Sheffield musicians take school students on exciting musical journey

A classic work by composer Schubert has been inspiring school students in Sheffield and beyond to get singing and creating music.

Wednesday, 20th February 2019, 5:16 pm
Updated Wednesday, 20th February 2019, 5:22 pm
Sheffield students working with Christopher Glynn on the Schubert in Schools project

The jumping-off point for the Music in the Round Schubert in Schools project was Schubert’s Winterreise song cycle.

For this project the song cycle was called Winter Journeys, based on a translation of Schubert’s song cycles initially commissioned by classical pianist Chris Glynn, who is artistic director of the Ryedale Festival in North Yorkshire.

He has also been involved in the project.

Fraser said the translations are meant to be easily understood by a modern audience, adding: “These hit you right between the shoulder blades.”

Music in the Round singer in residence, Roderick Williams, had been working on recording them.

Fraser said: “We thought, ‘what an amazing vehicle for us to continue our ongoing mission of bringing music and people together and opening it up for people to work together’.

“We’ve been taking Schubert as a starting point and enabling students to compose their own creative responses in whatever form, style or genre they like.”

Pupils at Park Academy and Tapton School in Sheffield took part and spent a day developing their ideas at Victoria Hall.

Elsewhere, school students from Barking in East London have been “spitting bars” (rapping) on a song they wrote and there was a performance by school students at Cast in Doncaster.

Fraser said: “25 lieder singers who are 12 years old have learnt it off by heart and come up with their own ideas about what it means to be lost in the snow in this voyage through grief and desolation.”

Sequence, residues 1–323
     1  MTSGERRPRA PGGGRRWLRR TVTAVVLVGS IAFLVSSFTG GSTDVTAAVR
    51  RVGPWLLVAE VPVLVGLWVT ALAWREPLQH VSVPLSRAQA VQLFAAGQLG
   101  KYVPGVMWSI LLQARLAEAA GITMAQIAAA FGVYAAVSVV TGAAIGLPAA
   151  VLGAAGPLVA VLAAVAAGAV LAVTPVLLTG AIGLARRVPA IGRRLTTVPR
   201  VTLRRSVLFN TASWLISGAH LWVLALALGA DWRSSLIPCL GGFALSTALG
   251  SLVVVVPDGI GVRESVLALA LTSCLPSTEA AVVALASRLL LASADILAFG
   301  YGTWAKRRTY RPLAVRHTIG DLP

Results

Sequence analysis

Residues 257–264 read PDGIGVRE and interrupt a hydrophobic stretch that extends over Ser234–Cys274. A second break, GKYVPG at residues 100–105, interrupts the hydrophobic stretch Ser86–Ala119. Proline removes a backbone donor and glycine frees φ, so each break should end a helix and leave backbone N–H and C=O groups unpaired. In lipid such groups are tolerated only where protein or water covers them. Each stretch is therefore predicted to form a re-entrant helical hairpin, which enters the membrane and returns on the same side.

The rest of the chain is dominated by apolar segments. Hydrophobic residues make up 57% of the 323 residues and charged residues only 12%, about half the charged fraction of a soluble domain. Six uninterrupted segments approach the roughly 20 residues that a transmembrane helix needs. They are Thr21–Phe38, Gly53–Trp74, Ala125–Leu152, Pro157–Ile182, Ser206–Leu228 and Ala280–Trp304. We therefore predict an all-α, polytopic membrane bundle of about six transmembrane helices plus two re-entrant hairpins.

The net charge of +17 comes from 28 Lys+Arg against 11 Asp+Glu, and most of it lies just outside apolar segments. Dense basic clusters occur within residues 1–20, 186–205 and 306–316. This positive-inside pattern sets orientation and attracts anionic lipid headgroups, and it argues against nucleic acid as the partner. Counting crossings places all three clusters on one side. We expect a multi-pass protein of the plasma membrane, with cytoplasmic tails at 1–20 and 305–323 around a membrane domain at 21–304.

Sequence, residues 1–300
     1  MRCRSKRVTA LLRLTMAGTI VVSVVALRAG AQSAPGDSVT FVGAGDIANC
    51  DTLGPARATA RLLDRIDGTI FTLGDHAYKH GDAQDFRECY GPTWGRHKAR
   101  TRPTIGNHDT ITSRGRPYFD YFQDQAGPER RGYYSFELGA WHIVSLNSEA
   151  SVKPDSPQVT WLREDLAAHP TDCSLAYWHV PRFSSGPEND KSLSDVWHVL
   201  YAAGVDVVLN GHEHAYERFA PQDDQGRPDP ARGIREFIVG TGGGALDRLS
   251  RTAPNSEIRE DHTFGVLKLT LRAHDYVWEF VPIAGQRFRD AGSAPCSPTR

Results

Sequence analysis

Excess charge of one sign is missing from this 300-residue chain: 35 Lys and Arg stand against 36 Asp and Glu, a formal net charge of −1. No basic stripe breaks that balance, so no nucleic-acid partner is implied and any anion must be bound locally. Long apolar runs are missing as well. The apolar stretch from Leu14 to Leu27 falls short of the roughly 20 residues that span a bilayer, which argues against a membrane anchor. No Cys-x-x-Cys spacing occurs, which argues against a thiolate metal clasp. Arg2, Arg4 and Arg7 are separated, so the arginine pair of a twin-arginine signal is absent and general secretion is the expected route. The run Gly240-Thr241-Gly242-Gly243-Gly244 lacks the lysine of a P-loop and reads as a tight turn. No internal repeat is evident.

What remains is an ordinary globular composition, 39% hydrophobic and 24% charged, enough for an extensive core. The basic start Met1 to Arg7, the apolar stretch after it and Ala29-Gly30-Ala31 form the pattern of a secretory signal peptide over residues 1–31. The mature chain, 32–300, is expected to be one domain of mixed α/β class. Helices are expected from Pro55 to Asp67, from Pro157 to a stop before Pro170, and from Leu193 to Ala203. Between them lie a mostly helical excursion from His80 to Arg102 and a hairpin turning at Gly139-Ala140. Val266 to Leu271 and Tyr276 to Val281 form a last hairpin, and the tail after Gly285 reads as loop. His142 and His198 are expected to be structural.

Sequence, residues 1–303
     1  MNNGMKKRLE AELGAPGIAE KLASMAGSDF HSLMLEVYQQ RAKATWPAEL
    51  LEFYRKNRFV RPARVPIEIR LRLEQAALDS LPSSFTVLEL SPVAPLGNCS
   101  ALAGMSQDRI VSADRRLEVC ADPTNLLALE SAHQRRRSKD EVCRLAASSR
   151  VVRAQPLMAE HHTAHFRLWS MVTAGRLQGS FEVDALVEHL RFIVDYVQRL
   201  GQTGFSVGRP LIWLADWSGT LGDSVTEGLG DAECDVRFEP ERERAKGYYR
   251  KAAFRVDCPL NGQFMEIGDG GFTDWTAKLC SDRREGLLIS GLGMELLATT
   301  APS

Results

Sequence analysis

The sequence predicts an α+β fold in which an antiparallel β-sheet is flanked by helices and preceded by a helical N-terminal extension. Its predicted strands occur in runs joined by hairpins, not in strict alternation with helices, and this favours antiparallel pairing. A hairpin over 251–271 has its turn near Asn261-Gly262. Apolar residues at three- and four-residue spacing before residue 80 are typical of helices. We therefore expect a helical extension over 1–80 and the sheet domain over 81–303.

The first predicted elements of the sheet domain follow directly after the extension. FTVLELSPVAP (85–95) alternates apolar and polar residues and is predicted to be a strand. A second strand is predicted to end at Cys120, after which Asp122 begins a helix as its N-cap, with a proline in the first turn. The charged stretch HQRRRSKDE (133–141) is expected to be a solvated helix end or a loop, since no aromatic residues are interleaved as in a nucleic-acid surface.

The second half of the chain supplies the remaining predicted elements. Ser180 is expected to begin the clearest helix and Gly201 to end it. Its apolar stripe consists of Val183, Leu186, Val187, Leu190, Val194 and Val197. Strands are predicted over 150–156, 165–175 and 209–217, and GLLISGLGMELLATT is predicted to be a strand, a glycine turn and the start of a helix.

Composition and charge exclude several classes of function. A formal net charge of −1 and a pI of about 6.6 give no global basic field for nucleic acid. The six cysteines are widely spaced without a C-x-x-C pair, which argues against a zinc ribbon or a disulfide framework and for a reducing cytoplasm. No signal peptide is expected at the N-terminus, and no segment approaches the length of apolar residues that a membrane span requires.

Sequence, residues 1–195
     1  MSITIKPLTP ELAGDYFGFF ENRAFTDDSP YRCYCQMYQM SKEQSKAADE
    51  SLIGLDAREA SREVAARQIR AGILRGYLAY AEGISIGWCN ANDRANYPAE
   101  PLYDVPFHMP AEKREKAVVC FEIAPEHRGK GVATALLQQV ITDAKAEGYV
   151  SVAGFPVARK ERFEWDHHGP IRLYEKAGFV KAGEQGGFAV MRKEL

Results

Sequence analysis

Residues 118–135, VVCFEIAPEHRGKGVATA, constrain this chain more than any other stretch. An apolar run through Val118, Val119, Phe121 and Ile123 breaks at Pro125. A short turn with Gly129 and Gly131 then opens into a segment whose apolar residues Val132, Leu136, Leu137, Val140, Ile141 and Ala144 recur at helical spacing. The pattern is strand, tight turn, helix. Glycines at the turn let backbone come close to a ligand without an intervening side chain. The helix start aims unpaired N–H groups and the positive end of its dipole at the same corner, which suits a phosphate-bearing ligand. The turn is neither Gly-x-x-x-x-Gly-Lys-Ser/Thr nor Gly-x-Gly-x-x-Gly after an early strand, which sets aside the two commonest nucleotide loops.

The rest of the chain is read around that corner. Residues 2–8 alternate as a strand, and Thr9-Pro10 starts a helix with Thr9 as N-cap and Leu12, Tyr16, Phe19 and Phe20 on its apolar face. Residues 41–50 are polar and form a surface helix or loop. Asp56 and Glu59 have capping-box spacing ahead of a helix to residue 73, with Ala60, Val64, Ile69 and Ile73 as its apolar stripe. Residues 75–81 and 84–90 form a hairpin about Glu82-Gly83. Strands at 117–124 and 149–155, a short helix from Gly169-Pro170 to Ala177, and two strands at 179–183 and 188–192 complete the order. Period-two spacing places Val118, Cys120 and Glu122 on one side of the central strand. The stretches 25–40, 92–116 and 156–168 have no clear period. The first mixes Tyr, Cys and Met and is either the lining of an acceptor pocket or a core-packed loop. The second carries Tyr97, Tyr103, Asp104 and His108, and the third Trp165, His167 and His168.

The group worked with Roderick Williams, who helped them decide how to get movement into their performance and take it to a whole new level.

Fraser said: “Cast was amazing. It was great to see the young people singing on stage and owning it.

“They were every bit professional musicians. The work they must have put into it in class really showed. 

“They really appreciated the opportunity and grasped it and you could see how much they got from it.” 

The project has also involved Sheffield Music Hub, which has an aim of getting secondary school children singing. Fraser said: “In their teenage years, young people often make a choice not to continue to do that.”

Fraser and his team went about fundraising and created teaching packs for teachers to work with their students before coming together with musicians to help their develop their ideas.

Roderick and Chris both recorded video sessions for use in schools and also travelled to work with the schools in person.

Teachers and students alike were enthused by the project. Fraser said: “We were so heartened by the response this has had and we’ve proven that it works. We are going to go on to do more of it but on a grander scale.

“We have been in all four towns in South Yorkshire, talking about how whole class singing and whole group composition at the beginning of secondary school could be more embedded in schools.

“We could show how young people are better able to be creative and have musical opportunities that could open doors for them.”

Learn more about the project at